I watched “The Fast and the Furious” some years ago, and found it to be pretty stupid and mildly entertaining, but not enough to compel to me keep up with the all the sequels since then. I just don’t get that excited about muscle-y guys or muscle-y cars. So I can’t say much about all the other FF movies out there, but I’ll go ahead and go out on a limb: this one’s better than any of them.
Or maybe I just think it’s better because it’s scrapped the “we are more manly than you because we drive cars faster than you do” formula and actually put those fast cars to a decent use. “Fast Five” is probably the most formulaic of the series, but it’s a formula I like: it’s a heist film. Vin Deisel and co. have gone all “Ocean’s 11.”
The setting is Brazil. After breaking Diesel out of jail and stealing some cars from a train and some other gibberish and nonsense about babies and family and drug lords and whatnot, the muscly white guys find themselves in possession of a GPS that contains the coordinates of all of a big drug lord’s safe houses in the city. So they decide to rob them all. “We’re going to need a team,” O’Conner says to Diesel, and what a great line that is. We’re off, but not to the races. To somewhere exponentially better than the races.
But oh, don’t forget about The Rock, who’s after Diesel, etc. because some DEA agents died in an earlier heist. Diesel, etc. didn’t kill them, but The Rock doesn’t care. He’s going to kill Diesel, etc. anyway, because that’s what he does. Until it isn’t, but I don’t want to give away too much. There’s a great fight scene between Diesel and The Rock, which proves that both their heads are full of rocks. It’s fun.
A decent heist film needs a few things:
1. An interesting team. “Fast Five” does ok here, though it borrows liberally from “Ocean’s 11,” especially the comic bickering of Casey Affleck and Scott Caan. Some members of the team don’t seem to have much purpose, and I gather that they’re resurrected from previous FF movies, but that’s okay. They have personality.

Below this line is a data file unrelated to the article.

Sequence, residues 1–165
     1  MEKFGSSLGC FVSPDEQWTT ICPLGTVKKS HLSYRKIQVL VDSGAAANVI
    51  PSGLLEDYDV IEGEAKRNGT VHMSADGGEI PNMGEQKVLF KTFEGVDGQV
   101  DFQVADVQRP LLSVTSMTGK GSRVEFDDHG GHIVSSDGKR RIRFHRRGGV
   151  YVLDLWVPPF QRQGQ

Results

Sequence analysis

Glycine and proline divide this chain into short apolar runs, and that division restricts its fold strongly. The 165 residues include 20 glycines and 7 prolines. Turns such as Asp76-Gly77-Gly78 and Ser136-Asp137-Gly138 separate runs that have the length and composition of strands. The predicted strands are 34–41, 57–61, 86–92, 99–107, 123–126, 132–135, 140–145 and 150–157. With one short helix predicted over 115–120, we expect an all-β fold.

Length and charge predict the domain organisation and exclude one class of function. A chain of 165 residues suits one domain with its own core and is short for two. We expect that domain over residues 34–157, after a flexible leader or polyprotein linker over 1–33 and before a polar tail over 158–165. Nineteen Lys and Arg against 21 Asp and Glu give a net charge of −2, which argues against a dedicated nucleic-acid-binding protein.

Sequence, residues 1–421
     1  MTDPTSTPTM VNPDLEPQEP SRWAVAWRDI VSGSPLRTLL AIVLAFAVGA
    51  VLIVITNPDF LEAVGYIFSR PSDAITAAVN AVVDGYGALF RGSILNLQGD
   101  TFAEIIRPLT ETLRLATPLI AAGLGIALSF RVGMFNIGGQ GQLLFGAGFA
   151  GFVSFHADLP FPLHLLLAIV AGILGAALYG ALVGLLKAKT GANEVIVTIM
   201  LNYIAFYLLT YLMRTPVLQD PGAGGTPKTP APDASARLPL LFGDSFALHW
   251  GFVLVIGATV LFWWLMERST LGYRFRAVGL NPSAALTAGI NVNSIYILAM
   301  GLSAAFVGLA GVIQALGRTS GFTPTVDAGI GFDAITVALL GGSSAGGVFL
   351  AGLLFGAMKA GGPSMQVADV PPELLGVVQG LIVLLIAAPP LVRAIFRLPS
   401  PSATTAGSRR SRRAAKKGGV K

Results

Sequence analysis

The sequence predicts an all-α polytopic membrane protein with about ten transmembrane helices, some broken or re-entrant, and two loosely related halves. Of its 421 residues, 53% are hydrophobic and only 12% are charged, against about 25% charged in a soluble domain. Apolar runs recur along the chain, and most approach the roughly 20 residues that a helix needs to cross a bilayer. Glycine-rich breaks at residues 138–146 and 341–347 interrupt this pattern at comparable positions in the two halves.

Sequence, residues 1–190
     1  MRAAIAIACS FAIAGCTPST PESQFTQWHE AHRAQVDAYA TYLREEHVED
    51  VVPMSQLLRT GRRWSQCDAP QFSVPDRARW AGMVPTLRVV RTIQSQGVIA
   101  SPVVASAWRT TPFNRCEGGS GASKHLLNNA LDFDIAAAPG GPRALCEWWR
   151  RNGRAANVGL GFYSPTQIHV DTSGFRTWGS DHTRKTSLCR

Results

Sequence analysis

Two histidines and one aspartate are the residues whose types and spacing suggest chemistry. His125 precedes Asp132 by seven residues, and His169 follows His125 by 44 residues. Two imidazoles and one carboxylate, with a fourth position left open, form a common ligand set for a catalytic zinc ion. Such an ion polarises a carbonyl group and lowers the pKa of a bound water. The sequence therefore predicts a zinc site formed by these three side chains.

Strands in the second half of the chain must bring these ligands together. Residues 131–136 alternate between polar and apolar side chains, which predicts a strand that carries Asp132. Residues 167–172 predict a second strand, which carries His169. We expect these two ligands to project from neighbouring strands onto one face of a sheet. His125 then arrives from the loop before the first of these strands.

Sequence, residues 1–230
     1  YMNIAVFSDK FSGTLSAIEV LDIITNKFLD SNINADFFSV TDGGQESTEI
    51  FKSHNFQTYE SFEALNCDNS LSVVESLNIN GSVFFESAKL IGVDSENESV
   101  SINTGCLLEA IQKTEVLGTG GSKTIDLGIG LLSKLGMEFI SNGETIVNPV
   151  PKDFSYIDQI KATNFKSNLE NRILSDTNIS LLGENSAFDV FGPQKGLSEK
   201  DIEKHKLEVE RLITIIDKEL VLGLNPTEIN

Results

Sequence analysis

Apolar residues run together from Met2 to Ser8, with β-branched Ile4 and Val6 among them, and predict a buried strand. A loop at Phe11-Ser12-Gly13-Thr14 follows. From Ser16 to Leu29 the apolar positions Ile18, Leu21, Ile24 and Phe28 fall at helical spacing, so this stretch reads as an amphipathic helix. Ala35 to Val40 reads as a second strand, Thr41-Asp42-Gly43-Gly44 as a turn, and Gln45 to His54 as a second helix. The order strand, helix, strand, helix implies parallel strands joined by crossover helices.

2. A plan and 2a. A plan B, when the plan fails. These are there and sufficient, though it’s kind of weird to watch gravelly-voiced, oak tree-necked Diesel act like he’s two steps ahead of everyone else.
3. A ridiculous and entertaining setpiece at the end. This one involves dragging a safe through the streets of Rio, which I’m pretty sure would be impossible (those cars are geared to go fast, not to pull hard) but possibility really isn’t relevant in a movie like this. This setpiece is pretty great because it fits the movie franchise perfectly – there are fast cars involved, and a lot of glass gets broken and concrete gets smashed up. You don’t want anything too graceful or clever to happen in a “Fast & Furious” film. It would be weird.
And 4 – this is optional, but encouraged – a bait and switch on the audience, where you go back and show them what they missed. We even get that. Yes, “Fast Five” checks out. It’s not as clever or inventive as the best heist films, but it’s fun, and entertaining, and it carries you along on its insane, muscleheaded ride. It’s a decent heist film, and, for the ways it achieves what it sets out to do, a decent film, period. Much to my surprise.